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There’s been a lot of talk about Vista’s ability to use Flash drives to “boost” system performance. Traditionally, Windows will cache files both to system memory and to your hard drive. The cached files on your hard drive reside in the Page File, which is also known as “virtual memory.” The problem with this approach is that even the fastest hard drives are sluggish when compared to flash drives, at least when it comes to seek times, which are nearly instantaneous on solid-state memory. Readyboost tries to address this situation by allowing Vista to use the Flash drive for its Page File, rather than the slow hard drive. It’s important to note that the actual Page File is still cached on the hard drive, but is being accessed from the Flash drive - which means that you're not at risk for losing your data.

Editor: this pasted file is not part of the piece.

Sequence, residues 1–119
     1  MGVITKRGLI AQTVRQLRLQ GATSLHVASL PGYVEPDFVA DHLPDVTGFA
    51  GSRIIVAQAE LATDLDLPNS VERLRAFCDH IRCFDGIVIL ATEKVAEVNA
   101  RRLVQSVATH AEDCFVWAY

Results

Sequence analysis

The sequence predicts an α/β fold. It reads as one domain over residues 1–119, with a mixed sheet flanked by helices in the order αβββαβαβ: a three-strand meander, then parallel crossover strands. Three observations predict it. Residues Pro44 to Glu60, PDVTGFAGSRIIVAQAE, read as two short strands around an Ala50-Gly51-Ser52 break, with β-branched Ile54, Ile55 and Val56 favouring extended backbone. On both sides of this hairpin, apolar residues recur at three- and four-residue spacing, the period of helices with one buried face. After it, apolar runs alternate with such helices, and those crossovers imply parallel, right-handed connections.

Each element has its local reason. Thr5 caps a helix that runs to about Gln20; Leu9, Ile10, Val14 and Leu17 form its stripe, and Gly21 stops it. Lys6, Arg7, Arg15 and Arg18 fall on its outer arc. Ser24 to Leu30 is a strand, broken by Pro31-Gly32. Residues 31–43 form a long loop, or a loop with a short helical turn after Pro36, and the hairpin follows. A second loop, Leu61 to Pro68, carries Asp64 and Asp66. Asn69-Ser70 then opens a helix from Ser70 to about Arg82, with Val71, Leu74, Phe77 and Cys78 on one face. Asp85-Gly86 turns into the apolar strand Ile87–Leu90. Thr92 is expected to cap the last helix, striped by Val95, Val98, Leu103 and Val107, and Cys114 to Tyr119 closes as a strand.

So, how do you enable it? Simply insert a “Readyboost capable” Flash drive that is 1GB or larger in capacity into one of your system’s USB ports, and when the pop-up box appears asking what you want to do, scroll down to find the option, “Speed up my system using Windows ReadyBoost.” You can then specify how much space to make available on the device.

This is a hotly-contested feature in Vista as some users claim a decent performance gain (mostly people with less than 1GB of RAM), but others say the benefit is negligible. If you’ve got a spare USB drive laying around, why not give it a shot? We didn't notice a profound difference in performance, but that doesn't necessarily mean that you won't.
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